By Elephant

Yes…..What Elephant said!

By Anonymous

The right decision. Unless it’s done correctly all you do is alienate whole sections of the community for some half thought out ESG obsessed minority view. Sure the Greens will pull their hair out but in a democracy we all get a say….sometimes.

By Anonymous

Elephant – traffic was bad on Chester Road before the cycle lanes as well. You’re right that congestion causes productivity issues in cities, but congestion is caused by too many cars. The idea behind promoting active travel is to make it more convenient and safe for people to choose travel options other than the car for some or all of their journeys. This makes the roads more efficient, enabling them to carry more people and reduce congestion for those that need to drive – thereby increasing productivity.

Chester Road cycle lanes aren’t perfect I agree. Cities like Amsterdam have cycle lanes on every road and much less space allocated to cars: and yet it’s not a very congested city, but is also one of the world’s most productive.

Compare with cities like LA or Coventry where cars are king but liveability and productivity is low.

By Anonymous

Another example of how piecemeal the active travel strategy is across GM with boroughs moving at different speeds and capability, with MCC not covering itself in glory right now, same with the CAZ. Bev Craig and Andy Burnham needs to grab this, sad to say big cities like Birmingham and Leeds are doing a better job. When was the last time we played second fiddle to those places?

By Rich X

Anonymous. The cycle Lane on Chester road isn’t even a proper cycle Lane, it is just a closed, empty lane, which causes stress and road rage.Amsterdam has outstanding public transport. Build Amsterdam’s transport infrastructure and then install the cycle lanes. This country does everything on the cheap. Cycle lanes are cheaper than tramlines.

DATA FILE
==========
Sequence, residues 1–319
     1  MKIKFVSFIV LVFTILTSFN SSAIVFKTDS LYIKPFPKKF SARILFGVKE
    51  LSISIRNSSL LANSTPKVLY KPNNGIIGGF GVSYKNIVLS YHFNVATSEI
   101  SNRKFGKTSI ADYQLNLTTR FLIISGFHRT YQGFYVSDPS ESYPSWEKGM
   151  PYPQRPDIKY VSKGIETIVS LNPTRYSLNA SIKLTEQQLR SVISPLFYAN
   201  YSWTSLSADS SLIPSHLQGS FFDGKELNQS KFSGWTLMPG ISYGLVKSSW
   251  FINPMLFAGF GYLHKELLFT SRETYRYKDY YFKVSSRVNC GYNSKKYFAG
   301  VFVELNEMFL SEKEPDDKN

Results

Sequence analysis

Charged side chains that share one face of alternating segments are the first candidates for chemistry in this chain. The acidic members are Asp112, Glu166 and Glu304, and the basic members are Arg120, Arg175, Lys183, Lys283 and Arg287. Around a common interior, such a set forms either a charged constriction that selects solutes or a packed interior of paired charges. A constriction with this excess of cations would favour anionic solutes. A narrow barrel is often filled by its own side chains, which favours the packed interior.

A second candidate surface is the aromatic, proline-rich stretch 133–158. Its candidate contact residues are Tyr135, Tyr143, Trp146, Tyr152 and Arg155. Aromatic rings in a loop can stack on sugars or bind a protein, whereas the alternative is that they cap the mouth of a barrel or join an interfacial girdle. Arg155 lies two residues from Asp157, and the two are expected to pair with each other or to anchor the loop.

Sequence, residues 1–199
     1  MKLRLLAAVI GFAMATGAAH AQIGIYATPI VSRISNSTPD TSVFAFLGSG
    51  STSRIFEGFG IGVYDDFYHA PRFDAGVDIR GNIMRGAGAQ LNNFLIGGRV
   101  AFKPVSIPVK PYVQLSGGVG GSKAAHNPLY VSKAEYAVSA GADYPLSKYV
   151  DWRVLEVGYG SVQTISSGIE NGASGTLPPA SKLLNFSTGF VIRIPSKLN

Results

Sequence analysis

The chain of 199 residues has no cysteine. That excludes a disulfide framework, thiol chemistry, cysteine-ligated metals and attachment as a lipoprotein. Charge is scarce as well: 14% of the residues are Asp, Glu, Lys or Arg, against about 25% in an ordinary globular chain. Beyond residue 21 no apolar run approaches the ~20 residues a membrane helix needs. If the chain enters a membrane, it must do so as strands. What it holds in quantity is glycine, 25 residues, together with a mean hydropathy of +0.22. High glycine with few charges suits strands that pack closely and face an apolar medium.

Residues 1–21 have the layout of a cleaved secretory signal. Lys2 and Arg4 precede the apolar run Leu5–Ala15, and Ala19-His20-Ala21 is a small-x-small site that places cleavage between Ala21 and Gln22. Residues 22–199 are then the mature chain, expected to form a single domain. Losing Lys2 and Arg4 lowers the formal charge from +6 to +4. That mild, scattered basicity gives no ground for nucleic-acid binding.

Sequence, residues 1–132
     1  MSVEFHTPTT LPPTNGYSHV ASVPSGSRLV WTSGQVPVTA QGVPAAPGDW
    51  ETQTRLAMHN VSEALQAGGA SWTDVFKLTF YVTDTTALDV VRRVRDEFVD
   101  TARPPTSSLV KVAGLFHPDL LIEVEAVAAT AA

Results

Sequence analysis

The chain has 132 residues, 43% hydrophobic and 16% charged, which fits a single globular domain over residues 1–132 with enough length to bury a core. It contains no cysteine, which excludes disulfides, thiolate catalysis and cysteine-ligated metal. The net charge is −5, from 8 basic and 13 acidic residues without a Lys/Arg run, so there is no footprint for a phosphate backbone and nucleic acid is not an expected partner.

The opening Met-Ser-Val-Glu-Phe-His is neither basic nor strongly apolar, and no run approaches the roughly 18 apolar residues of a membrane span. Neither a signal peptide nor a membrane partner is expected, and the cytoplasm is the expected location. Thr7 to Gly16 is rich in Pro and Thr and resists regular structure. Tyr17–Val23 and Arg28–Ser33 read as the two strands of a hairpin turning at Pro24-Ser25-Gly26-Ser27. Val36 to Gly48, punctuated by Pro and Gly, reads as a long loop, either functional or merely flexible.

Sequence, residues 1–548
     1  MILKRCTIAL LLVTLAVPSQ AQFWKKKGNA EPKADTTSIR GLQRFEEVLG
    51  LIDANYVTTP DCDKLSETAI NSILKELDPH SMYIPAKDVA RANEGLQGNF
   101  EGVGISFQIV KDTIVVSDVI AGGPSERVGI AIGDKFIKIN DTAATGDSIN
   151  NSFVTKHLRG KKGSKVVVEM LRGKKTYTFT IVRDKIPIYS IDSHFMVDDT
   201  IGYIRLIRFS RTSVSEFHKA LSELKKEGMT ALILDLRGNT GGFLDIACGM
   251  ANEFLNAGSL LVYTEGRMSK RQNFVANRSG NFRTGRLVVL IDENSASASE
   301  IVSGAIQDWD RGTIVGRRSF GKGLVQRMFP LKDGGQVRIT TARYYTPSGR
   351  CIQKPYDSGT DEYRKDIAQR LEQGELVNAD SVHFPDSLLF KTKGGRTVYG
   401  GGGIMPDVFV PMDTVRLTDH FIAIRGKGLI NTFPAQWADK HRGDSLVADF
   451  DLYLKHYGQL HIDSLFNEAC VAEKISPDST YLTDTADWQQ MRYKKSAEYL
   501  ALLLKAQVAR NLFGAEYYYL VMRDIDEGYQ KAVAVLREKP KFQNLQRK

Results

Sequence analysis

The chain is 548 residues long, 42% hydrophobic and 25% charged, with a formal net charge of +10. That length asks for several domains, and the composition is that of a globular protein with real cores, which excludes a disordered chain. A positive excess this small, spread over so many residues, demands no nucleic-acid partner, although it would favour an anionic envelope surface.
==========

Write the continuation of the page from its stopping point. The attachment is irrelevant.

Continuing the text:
By Elephant

I agree with Elephant’s comments. The cycle lane on Chester Road creates congestion and is hardly used. It seems plain wrong to create congestion in the hope that that will drive people to cycle more. Planning is required to change habits. We are too fond, in this country, of throwing down lines of cones in anticipation of an event which may never happen. No more cones or cordons without a thought through plan please.

By Anonymous

We so often half do things in this country. This was half baked , better than not baked at all some might say . I’d disagree do it well or don’t do it at all

By Anonymous

Why do people insist to use a 1.3T (Minimum weight) vehicle, suitable to carry 5 people and their luggage as a solution to move, on average, a person weighing between 50-100kg with a bag weighing <7kg.

All the maths is there, size of vehicle, travel time, speeds, running costs. A traditional car will never be the most efficient mode of transport for the majority of journeys taken.

Even with all the data and arguments people will not accept that they are the traffic and driving a car makes them the problem. Not the road or the planning.

They'll continue everyday to sit there in traffic whingeing about the traffic that they themselves are contributing to every single day and do nothing about it.

By John Terry